• Us with our winnings ticket from Vegas (Neil’s is usually up $20-$40, and mine is usually up anywhere from 40 cents to $3.00. I play it safe.)

  • On tropical vacations, we always take a piggyback picture which usually makes for some good laughing shots.

  • On Christmas day, we take a picture in front of the Christmas tree to track our growth from year to year.

  • Rather than take the scenic view that everyone is taking, we will take the picture from OUR perspective that was most memorable, like the view up at the palm trees rather than out at the pier and the ocean. It helps us remember what it felt like to be there. You will never forget what the Eiffel Tower looks like, but you might forget what it looked like to be standing in front of it.

Now that you know all there is to know about photo traditions, DO IT!


Love me some Donny and Marie,


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A Dinner That Leaves You Wonton More

I am still trying to figure out why, when most couples order in and cuddle over a movie, Neil and I insist on spending our weekend nights challenging each other to obscure culinary battles. There’s nothing worse than that moment when you wake up on Saturday morning and realized you dirtied every dish in your kitchen the night before and you’re still mad at each other over “unfair judging.” Wow, putting that in writing confirms how weird we are.

Our latest cook-off was wonton themed, with ground turkey and potatoes being our “must use” items. If anyone wants to stop reading right here and guess what Neil chose to do, I will write you a check for fifty dollars and we can all call it a day.

My first won ton was Thai Turkey Basil with hoisin. It was basically ground turkey, red pepper, garlic, thai peppers and hoisin in a pan to taste. Add a lot of basil at the end and serve over rice, in lettuce wraps, or in this case wrapped in starch and fried. ; ) Wink!

My potato dish was, as the California girls like to say, SUPER BOMB. Potatoes, green pepper, sour cream, garlic and shredded cheese all wrapped up in what? Starch. And then pan fried. Bomb! We actually enjoyed my submissions a little too much; the second half of our chef battle had to be put off until the next day because we overindulged. That’s a good problem to have in my book.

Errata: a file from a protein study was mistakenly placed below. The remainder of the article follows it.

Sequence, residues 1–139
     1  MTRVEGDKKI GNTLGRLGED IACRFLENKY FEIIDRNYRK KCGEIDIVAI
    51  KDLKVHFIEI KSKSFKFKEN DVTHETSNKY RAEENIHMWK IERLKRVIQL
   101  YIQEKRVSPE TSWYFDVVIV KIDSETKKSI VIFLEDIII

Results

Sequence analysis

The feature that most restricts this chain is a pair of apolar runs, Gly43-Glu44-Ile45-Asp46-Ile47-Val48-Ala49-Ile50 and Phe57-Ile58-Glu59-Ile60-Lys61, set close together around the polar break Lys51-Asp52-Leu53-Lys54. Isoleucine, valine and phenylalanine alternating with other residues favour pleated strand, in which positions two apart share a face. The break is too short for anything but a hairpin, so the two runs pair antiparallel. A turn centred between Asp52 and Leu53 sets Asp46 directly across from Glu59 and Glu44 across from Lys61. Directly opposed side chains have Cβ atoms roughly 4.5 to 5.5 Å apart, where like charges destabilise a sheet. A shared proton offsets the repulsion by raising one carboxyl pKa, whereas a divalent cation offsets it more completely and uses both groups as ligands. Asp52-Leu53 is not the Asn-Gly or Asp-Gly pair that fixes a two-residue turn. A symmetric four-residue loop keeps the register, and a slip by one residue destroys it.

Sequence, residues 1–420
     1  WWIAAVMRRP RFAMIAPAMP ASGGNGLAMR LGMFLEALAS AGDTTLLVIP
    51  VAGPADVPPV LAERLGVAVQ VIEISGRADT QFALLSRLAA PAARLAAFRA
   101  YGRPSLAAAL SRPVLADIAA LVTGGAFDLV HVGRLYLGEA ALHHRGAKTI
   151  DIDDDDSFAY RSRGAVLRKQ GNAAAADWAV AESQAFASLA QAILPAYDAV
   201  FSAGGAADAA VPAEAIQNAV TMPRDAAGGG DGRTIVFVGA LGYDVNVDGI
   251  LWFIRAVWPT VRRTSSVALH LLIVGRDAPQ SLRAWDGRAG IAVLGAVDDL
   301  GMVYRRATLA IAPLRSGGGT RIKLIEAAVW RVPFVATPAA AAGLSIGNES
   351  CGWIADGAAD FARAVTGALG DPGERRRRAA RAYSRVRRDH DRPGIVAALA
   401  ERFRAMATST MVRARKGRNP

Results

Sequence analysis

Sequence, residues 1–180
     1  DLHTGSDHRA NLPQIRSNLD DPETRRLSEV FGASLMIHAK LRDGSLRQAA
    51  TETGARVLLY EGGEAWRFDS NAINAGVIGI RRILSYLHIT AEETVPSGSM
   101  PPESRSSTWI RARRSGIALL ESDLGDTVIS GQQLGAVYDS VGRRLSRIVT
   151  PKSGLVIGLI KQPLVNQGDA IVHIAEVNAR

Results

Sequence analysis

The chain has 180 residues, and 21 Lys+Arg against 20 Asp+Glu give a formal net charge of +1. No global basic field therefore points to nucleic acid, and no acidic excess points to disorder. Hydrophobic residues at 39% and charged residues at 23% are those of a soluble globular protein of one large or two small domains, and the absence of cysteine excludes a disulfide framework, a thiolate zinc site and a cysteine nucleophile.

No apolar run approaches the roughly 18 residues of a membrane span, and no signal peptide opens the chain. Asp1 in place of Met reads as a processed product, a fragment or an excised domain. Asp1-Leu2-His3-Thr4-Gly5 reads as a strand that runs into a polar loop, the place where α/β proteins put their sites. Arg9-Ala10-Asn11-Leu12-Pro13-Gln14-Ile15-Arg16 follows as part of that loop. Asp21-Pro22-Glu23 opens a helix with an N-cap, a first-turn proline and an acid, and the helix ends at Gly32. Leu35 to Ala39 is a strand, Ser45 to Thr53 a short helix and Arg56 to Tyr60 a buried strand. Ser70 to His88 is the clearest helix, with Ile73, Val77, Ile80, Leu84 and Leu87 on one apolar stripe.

And now on to Neil. He decided to go against everything he has ever done in past battles and make, wait. What? EXACTLY THE SAME THING. He’s lucky it was delicious. His favorite burger was turned into a wonton and served with some of the best homemade fries I have ever had.

Word on the streets is that he got the recipe from a Bobby Flay Burgers & Fries book. I think Neil sleeps with that book at night.

Neil’s turkey burger wontons had shredded cheese and crispy onions inside, and were served with not one but two kinds of barbecue sauce. My kind of guy!

I am beginning to wonder if you are starting to put us in the same mental category as Paula Deen. I PROMISE to (try to) put some healthy recipes up here soon. Or maybe post about anything but food for a little while.


Love and wontons,


Compounding the Deliciousness

“Don’t compound the problem,” some people say. “It looks like a compound fracture,” your doctor says, taking a drag from his cigarette. “Let’s, uh, drive the cah down to the, uh, Hyannisport Compound this weekend, Jackie,” JFK would always tell his wife. But I turns out the best use of “compound” is: “Here, taste this compound butter.”

I first learned about compound butter from my know-it-all brother Eric, who once answered so many rhetorical questions correctly at a cooking class that the teacher finally asked him, “Are you a chef, or WHAT?” Compound butter is essentially butter infused with flavors–and as you’d guess, it makes everything taste amazing. Like famous Canadian Tom Green once said, “It’s better with butter.”

So armed with this knowledge, we recently topped off some steaks with a compound butter infused with garlic and green onions. You gotta try it.

1. Chop up some green onions and garlic (or whatever flavors you want) and add to a bowl with half a stick of butter.

2. Once it’s all mixed together, put the mixture on a sheet of plastic wrap and roll the plastic wrap until you have a tube of butter. Then grab both ends and spin it around til it’s wrapped tightly.

3. Tightly tie off both ends of the plastic wrap and then set it on the counter so your wife can take a photo of it. (The photo part is optional.)

4. Put the butter in the freezer for a few minutes so it hardens–the goal is to get it back to a consistency where you can slice it.

5. Once your steak is ready, cut the plastic wrap off of one end and slice some perfect discs of compound butter to place on top.

There it is. So easy a Neil can do it. Now you know one more way to use the word “compound,” you’ve learned a great new cooking trick, and you’ve thought about Tom Green for the first time in at least 10 years. What a night.